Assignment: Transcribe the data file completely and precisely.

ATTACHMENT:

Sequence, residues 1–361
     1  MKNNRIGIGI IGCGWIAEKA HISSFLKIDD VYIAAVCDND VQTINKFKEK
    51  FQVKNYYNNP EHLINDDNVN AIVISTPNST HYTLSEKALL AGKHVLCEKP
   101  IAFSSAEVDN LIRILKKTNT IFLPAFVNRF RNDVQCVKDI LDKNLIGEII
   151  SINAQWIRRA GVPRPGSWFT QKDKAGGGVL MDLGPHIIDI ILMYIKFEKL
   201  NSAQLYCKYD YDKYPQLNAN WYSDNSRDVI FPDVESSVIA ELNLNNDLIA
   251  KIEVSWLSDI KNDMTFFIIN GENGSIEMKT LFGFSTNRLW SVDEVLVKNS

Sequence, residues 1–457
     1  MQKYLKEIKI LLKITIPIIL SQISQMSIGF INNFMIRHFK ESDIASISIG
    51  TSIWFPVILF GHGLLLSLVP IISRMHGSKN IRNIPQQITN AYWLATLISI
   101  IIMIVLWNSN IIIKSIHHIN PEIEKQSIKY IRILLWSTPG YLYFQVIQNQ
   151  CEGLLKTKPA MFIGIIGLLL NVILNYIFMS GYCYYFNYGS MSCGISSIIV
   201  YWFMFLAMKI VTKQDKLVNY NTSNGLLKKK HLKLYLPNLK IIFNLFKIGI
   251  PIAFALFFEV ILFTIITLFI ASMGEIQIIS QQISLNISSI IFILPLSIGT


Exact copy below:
Sequence, residues 1–361
     1  MKNNRIGIGI IGCGWIAEKA HISSFLKIDD VYIAAVCDND VQTINKFKEK
    51  FQVKNYYNNP EHLINDDNVN AIVISTPNST HYTLSEKALL AGKHVLCEKP
   101  IAFSSAEVDN LIRILKKTNT IFLPAFVNRF RNDVQCVKDI LDKNLIGEII
   151  SINAQWIRRA GVPRPGSWFT QKDKAGGGVL MDLGPHIIDI ILMYIKFEKL
   201  NSAQLYCKYD YDKYPQLNAN WYSDNSRDVI FPDVESSVIA ELNLNNDLIA
   251  KIEVSWLSDI KNDMTFFIIN GENGSIEMKT LFGFSTNRLW SVDEVLVKNS

Sequence, residues 1–457
     1  MQKYLKEIKI LLKITIPIIL SQISQMSIGF INNFMIRHFK ESDIASISIG
    51  TSIWFPVILF GHGLLLSLVP IISRMHGSKN IRNIPQQITN AYWLATLISI
   101  IIMIVLWNSN IIIKSIHHIN PEIEKQSIKY IRILLWSTPG YLYFQVIQNQ
   151  CEGLLKTKPA MFIGIIGLLL NVILNYIFMS GYCYYFNYGS MSCGISSIIV
   201  YWFMFLAMKI VTKQDKLVNY NTSNGLLKKK HLKLYLPNLK IIFNLFKIGI
   251  PIAFALFFEV ILFTIITLFI ASMGEIQIIS QQISLNISSI IFILPLSIGT